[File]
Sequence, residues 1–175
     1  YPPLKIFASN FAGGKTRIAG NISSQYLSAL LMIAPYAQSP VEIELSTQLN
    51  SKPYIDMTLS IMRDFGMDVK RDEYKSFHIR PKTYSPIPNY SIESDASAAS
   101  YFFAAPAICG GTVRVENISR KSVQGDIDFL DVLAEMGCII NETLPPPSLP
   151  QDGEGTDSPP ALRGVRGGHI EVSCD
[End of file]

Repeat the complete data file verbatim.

Sequence, residues 1–175
     1  YPPLKIFASN FAGGKTRIAG NISSQYLSAL LMIAPYAQSP VEIELSTQLN
    51  SKPYIDMTLS IMRDFGMDVK RDEYKSFHIR PKTYSPIPNY SIESDASAAS
   101  YFFAAPAICG GTVRVENISR KSVQGDIDFL DVLAEMGCII NETLPPPSLP
   151  QDGEGTDSPP ALRGVRGGHI EVSCD